Austin Dillon paid out at 100-1 odds for winning Sunday’s NASCAR Cup Series race at Texas Motor Speedway, one week after Cole Custer paid out at 300-1 for his win at Kentucky Speedway, making it the largest back-to-back payouts in the history of betting NASCAR in Las Vegas.
Yes, Dillon and Custer, names that sound more familiar as Pinkertons chasing the Jesse James gang than NASCAR drivers. We’ve been hearing the names of Kevin Harvick and Denny Hamlin for most of the year as they’re tied for the series lead with four wins each. But the wheel of fortune was ready to burst after paying out mostly favorites all season.
Triple-digit dogs. I’m still amazed and scratching my head about what happened Sunday.
What’s the story behind back-to-back NASCAR winners paying out triple-digit odds? It doesn’t happen, so why now in a hot July of an already bizarre 2020?
First off, we have to realize that the race package they use the most (550 horsepower) has made it easier for lesser funded teams to compete with the top teams. It’s all about the air and being able to manipulate it to gain speed around turns compared to old days with the cars having 750 horsepower on the big tracks and using their extra money to do testing to gain an edge. So the teams are better, and not just the blue-bloods.
Now let’s factor in COVID-19 and all the changes NASCAR made to quickly put live sports entertainment back into our schedule. I still don’t know how they did it so effectively, but they laid down the meat and potatoes of the operation knowing they would have to sacrifice other areas to make an event happen as safe as possible with so many safety procedures with social distancing as the main component. This is why there are no practices Friday and Saturday and no qualifying. The teams show up, race, then leave town like a rogue group of carnies.
Last season’s Cup Champion Kyle Busch has insinuated several times that the reason he hasn’t won through 18 races, which is half the entire season, is because they haven’t been able to find the right set-up at each track without a few practice laps before the race. There’s a little sour grapes in his message, but there’s also lots of truth. Everyone is coming in with hopes of having a fast car prepared in Charlotte and coming off the hauler ready to roll. The lesser funded teams the more to gain here because of not having practice because practice makes the elite teams better.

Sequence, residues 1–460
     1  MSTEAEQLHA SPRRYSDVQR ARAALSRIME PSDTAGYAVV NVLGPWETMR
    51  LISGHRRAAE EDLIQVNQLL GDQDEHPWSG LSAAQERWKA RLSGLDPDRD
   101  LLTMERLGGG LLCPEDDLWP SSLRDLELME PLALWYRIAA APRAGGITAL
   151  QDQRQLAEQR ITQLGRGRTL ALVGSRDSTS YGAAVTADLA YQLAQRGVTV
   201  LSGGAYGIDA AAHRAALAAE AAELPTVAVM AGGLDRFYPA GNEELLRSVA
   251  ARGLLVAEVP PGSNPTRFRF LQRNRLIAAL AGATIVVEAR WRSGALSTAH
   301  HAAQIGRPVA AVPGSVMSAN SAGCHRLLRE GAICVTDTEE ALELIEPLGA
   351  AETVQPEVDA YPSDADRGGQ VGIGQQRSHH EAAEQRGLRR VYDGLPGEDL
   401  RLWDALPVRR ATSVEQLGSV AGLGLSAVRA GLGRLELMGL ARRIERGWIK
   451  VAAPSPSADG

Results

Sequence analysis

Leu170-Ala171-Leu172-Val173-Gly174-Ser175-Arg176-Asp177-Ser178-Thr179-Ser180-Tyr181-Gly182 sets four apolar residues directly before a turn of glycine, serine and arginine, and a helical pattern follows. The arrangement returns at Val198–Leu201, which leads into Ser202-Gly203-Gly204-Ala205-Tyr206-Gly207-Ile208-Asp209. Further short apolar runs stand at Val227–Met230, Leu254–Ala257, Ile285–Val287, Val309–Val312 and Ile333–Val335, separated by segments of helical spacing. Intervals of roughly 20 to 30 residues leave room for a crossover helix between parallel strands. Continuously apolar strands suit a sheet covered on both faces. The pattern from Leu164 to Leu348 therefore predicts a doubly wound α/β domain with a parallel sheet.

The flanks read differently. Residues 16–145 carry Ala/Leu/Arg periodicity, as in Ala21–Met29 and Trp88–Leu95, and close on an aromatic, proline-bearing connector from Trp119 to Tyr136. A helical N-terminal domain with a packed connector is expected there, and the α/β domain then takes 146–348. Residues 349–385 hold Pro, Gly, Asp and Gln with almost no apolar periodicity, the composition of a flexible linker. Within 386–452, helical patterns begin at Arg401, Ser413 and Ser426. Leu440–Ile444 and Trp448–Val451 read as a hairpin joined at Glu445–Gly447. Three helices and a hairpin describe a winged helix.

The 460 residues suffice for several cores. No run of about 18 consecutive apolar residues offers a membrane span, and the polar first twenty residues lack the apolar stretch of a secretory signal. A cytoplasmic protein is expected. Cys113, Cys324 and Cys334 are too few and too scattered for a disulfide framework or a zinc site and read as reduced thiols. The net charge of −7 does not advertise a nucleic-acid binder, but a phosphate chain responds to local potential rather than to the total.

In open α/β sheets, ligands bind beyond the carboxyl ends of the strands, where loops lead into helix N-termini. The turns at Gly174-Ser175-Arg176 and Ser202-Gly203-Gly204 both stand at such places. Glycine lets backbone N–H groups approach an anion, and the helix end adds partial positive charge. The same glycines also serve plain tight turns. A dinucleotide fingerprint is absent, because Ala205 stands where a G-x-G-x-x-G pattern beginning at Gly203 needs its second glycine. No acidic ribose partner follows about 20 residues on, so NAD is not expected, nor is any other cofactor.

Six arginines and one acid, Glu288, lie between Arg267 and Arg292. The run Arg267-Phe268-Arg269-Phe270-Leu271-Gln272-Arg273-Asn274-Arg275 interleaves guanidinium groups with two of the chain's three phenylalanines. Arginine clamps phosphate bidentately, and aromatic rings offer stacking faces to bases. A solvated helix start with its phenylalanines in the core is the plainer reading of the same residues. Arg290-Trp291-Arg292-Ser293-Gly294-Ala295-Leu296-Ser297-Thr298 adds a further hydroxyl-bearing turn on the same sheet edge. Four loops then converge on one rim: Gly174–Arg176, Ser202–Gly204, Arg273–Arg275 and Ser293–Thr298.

Does that make a little bit of sense? How about a bet before the season that Custer and Dillon would have wins at the halfway point while Kyle Busch would have none?
The final factor is the tire compound being used by Goodyear at Las Vegas, Kentucky, and Texas this season. The used tires didn’t lose much speed compared to cars that took four tires on a stop. The Texas surface was repaved three years ago so abrasion and tire wear isn’t a problem. And then to make things stick even more, some of the tracks have been putting a sticky compound around the track to give even more grip. With the tires maintaining speed throughout a run with little drop-off, taking tires is not essential. All three of those races using the tires that didn’t wear down saw late pit strategy with just two tires changed or none. In all three races, the thick tire compound allowed teams to approach the last pit stop with different strategies than normal situations and helped give Joey Logano, Custer and Dillon wins.
As of writing this piece on Monday, Goodyear hasn’t announced the tire compound for Thursday night’s Super Start Batteries 400 at Kansas Speedway’s 1.5-mile layout. If it’s the same compound as Texas, then it’s a good reason to maybe bet another long shot to win.
But along with the tires, the sticky grip, no practices or qualifying, I was sitting great at Texas with tickets on Ryan Blaney, who led a race-high 150 laps, and Aric Almirola, who led 35 laps and climbed back from two laps down to be third late in the race chasing down Blaney, until a caution came out just after they pitted. It reshuffled the whole deck. You can throw in luck as the final reason for back-to-back triple digits payouts.
There have been 28 Cup races held at Kansas Speedway and only one has been a high-paying driver when Joe Nemechek won in 2004 at 40-1 odds. Everyone else has been lower than 20-1. You’ve got elite championship drivers driving the best cars in the series. The winner’s list looks like a who’s who of NASCAR drivers from the past 20 years, starting with Jeff Gordon winning the first two races there in 2001, 2002. Tony Stewart has a couple wins, Harvick and Jimmie Johnson each have three wins there, and Hamlin, Brad Keselowski, Matt Kenseth, Martin Truex Jr. and Joey Logano each have two wins.
One last note on the Kansas race weekend. It will be the first time that the Cup Series will race on a Thursday night while its other two touring series race after. The Truck Series runs on Friday at Kansas and the Xfinity Series races on Saturday.